When the University of Nebraska agreed to return remains it held of more than 1,700 American Indians to 15 tribes, the move received widespread public support. After all, the university had been forced to admit that it had handled the remains with little regard for the native peoples' cultural beliefs.
But the backing of the historic agreement was partly due to the fact that dozens of other United States universities were also beginning to return their Indian remains, the first tangible results of an eight-year-old repatriation law.
"I want to apologise personally and on behalf of the university for the insensitive and grievous treatment of the physical remains of Native Americans done in past decades in the name of science," Nebraska chancellor James Moeser told a tribal meeting on campus.
The 1990 Native American Graves Protection and Repatriation Act requires Nebraska to return such bones and relics to the appropriate Indian tribes or risk federal fines.
Making an inventory of the items has taken years, however, and the results are only now becoming visible.
The National Park Service, which oversees the law, says agreements have been reached to repatriate the remains of 10,898 individuals and more than 300,000 other objects, but it estimates that universities, colleges, museums and other institutions hold the remains of a total of 200,000 individuals.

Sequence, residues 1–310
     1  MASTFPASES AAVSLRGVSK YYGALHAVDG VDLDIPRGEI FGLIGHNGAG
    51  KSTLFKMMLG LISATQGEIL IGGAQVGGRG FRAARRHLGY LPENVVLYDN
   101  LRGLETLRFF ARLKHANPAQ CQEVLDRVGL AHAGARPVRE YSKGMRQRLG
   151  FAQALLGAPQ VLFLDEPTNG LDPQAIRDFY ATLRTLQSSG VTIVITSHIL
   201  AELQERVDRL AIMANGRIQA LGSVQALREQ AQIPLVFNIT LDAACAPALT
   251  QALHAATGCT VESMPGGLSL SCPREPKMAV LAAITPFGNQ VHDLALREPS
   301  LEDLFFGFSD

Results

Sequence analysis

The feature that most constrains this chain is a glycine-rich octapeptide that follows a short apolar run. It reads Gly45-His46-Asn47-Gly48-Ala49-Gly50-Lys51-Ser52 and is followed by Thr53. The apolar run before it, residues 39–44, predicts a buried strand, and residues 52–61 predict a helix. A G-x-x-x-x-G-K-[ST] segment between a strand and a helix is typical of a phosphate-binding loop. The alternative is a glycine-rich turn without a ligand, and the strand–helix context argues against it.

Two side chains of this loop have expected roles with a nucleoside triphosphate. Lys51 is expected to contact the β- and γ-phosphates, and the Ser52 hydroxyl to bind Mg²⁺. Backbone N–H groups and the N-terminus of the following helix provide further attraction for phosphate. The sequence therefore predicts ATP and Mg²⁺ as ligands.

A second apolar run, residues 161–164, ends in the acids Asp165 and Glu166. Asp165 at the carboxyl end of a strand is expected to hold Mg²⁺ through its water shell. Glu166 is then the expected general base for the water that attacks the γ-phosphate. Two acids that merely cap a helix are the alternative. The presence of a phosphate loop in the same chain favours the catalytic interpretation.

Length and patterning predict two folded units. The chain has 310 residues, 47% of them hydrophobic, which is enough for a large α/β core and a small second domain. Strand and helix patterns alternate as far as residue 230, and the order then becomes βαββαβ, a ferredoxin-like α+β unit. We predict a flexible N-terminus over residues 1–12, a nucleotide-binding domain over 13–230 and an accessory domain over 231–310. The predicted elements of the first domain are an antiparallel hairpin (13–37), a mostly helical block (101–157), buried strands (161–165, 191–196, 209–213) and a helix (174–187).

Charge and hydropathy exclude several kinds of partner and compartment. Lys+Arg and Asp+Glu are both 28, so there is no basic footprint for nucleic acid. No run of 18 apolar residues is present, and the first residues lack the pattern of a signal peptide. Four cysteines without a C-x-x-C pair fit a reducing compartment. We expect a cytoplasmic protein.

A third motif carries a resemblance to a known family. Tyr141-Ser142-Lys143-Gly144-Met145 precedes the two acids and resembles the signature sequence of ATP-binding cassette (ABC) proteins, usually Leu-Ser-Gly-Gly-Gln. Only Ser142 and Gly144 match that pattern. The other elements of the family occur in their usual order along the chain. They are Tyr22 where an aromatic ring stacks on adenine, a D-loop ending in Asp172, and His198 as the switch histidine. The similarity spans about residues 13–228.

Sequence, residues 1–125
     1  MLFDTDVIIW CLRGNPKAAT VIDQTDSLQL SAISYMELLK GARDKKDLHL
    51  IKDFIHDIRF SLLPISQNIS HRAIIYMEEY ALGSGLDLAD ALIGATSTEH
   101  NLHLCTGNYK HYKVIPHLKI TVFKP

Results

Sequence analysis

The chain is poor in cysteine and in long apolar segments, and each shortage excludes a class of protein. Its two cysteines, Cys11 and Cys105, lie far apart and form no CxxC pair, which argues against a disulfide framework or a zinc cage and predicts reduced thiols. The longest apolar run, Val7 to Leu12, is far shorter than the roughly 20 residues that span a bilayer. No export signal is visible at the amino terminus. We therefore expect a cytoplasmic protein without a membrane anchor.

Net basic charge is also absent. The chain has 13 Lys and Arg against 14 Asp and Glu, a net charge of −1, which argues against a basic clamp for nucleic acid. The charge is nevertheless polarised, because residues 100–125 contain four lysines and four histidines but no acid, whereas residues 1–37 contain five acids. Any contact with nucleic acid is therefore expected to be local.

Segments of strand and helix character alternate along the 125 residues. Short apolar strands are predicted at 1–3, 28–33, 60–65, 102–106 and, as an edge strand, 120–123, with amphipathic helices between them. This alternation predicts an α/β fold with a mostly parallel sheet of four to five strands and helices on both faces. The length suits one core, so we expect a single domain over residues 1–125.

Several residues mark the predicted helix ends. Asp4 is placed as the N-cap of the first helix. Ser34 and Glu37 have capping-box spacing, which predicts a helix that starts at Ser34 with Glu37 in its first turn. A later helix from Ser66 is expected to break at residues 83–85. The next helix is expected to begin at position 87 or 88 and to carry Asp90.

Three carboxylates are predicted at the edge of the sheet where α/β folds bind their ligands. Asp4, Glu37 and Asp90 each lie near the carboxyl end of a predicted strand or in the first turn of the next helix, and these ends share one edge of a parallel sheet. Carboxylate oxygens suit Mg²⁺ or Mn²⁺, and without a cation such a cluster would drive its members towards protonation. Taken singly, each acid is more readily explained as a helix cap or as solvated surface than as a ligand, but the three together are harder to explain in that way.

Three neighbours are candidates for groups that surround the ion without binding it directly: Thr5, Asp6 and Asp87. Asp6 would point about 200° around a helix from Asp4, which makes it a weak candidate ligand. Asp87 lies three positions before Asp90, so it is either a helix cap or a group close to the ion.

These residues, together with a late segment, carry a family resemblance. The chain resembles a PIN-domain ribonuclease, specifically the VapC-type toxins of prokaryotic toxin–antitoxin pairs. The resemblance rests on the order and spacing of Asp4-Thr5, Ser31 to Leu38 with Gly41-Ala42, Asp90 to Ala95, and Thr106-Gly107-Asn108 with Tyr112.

While accepted by most of academia, support for the law is not unanimous. Anthropologists in Washington State, for example, have sued to prevent the reburial of a 9,300-year-old skeleton they believe dates from the first human colonisation of the Americas. Indian groups have used the repatriation law to block further scientific study of the remains.
The scientists contend the regulation covers only native Americans associated with known tribes, and the skull of the disputed remains has traits that more closely resembles European than American Indian physiology. Without the right to study it and other remains, they say, research on early Americans will come to an end.
But many archaeologists and anthropologists have reached agreements with tribes allowing newly discovered remains to be studied before being reburied.
The law requires universities, colleges and other institutions to notify tribes of remains they have.
Since the exact tribal affiliations of the remains held by the University of Nebraska could not be determined, all were to be re-interred on lands of the nearby Omaha tribe.
"The unaffiliated remains all come from Mother Earth," said Allen Hare, of the Sioux tribe. "They should be returned to nourish the soil, bring food to people."